I won’t pretend to know everything on this issue. I’m not a lawyer, a scientist or a politician. However, as a person who almost died 4 months ago and a mother who lost my newborn son from a foodborne illness, I could not care less about the political crap involved in this issue. Believe what you want to about how our government should be run, this is about the safety of the American public. It shouldn’t matter if the mortality rate is 28% or 9%. People are dying from eating food in one of the most advanced countries on Earth. And to be totally honest, I don’t care if small producers will be driven out of business because they can’t afford to adhere to the new regulations. The listeriosis I caught was from eating produce I got at a farmer’s market. Never in a million years did I think that would happen in the US. We have food regulations here! In the past 4 months, I have had plenty of time to research the issue, and frankly, it’s frightening. If you can’t make your food safe and adhere to safety guidelines , you should not be allowed to sell it, period. I know I am simplifying the issue, but it is simple: We shouldn’t have to worry about getting sick from the food we eat. So please, do “pause and remember” when you’re arguing about the expense and the supposed loss of freedoms. Remember the name Simon Rivers. He lived for 15 hours and died from septic listeria while I watched from a wheelchair, fighting the same infection. If these are the “freedoms” you’re talking about, you can have them. I’d rather have my son back.

  • Mr. Schmidt,
    As I have a very uncommon name, I suggest you do a web search with the correct spelling,” Harry Hamil.” You won’t find any instance of my having recommended that we cut spending on food safety regulation. And if you review all the comments, I believe you’ll find most are directed at correcting inaccurate or misleading statements from proponents or journalist doing press release journalism; thus, they generally must be fairly negative.
    I was one of the founders of Hospice Atlanta, the National Hospice Association, the Healthy Food Coalition, the Black Mountain Tailgate Market and the Mountain Tailgate Market Association and married to a medical student, resident and practicing family physician for 10 years. Is that enough in public health arena for you?
    As we have a certified home kitchen and a year-round store for local, healthy food, yes, I’ve talked with inspectors of retail food establishments. In addition, I have talked for hours with the epidemiologist who testified to the Senate HELP Committee on 10-22-09 and with an epidemiologist at the CDC trying to understand one group of outbreaks this year.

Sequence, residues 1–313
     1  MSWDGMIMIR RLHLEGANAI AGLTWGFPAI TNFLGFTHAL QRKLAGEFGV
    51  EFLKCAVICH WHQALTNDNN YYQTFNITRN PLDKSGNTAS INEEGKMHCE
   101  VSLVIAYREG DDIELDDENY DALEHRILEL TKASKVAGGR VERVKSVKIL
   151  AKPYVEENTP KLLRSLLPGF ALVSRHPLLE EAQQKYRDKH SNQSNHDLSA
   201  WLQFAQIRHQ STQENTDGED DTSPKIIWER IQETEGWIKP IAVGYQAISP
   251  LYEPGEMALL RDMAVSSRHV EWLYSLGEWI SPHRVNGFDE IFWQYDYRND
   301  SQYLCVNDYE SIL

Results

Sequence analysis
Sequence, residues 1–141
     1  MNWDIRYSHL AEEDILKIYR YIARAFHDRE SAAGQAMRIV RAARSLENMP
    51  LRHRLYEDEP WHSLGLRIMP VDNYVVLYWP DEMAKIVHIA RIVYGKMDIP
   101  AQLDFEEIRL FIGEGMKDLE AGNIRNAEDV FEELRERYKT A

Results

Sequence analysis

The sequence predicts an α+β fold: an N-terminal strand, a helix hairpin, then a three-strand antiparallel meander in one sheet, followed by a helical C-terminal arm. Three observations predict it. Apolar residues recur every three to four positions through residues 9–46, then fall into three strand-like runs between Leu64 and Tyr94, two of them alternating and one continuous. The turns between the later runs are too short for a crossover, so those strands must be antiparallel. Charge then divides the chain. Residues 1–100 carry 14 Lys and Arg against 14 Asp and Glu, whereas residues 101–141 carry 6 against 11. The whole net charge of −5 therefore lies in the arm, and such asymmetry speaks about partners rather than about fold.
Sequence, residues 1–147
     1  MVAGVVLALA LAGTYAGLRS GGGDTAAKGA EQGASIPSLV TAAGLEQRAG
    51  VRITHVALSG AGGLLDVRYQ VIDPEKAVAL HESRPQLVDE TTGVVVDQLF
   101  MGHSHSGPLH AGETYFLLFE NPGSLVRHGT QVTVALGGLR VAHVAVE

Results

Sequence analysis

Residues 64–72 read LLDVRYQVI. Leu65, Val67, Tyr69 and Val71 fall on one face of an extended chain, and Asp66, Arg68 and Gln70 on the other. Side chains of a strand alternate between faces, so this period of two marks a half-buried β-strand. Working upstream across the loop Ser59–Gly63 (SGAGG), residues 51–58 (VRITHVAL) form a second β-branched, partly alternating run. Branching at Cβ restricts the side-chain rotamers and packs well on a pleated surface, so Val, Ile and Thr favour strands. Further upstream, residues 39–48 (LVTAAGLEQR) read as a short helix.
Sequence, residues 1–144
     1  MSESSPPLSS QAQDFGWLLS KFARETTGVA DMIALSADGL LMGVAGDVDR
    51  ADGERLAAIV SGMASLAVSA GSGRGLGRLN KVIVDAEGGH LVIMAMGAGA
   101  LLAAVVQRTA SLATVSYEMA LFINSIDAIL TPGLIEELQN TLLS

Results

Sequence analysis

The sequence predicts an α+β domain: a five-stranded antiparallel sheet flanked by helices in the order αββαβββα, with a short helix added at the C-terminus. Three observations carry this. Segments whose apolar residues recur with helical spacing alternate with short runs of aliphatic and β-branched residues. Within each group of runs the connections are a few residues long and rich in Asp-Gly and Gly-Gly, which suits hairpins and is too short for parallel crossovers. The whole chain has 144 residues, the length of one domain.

As for my comments on the 1999 Mead study, I suggest you question my critique and not my character. I majored in math and spent 35 years in my first career teasing meaning from statistics; so I have a problem when people try to tell that a group of numbers means one thing when I can hear those numbers telling a different story.
    Have I answered your questions? If not, please write me at healthyfoodcoalition@gmail.com and we can set up a time to talk by phone so you’ll have an opportunity to ask any other related question or just give me a piece of your mind.
    It is always great to have someone engage me of the issues I have raised. I hope you will e-mail me.

  • dangermaus

    Do you think that your statement of “I could not care less about the political crap involved” (and others) indicates that you’re thinking rationally, or that you’re reacting to your personal pain? I’m sorry for your tragedy, and I’m sure I can’t imagine your loss. However, you’re saying that agencies of the government (one that is mistrusted by a lot of people) should be empowered to punish people for not following their rules. You’re also assuming that the results of the legislation will work out as initially intended (even though there are no stated targets for how much food-borne illness should be reduced). When is it ever the case that trying to do something so complex (as regulating food) works out neatly?
    I’m sure there are millions of Americans who think alcohol should be banned because of the thousands of deaths it contributes to annually. Should we ban cars because of the thousands of innocent passengers and pedestrians that die on the roads? Should we ban dachshunds because they’re more likely to bite humans than other breeds, and ban pit bulls because they are more likely to injure when they bite?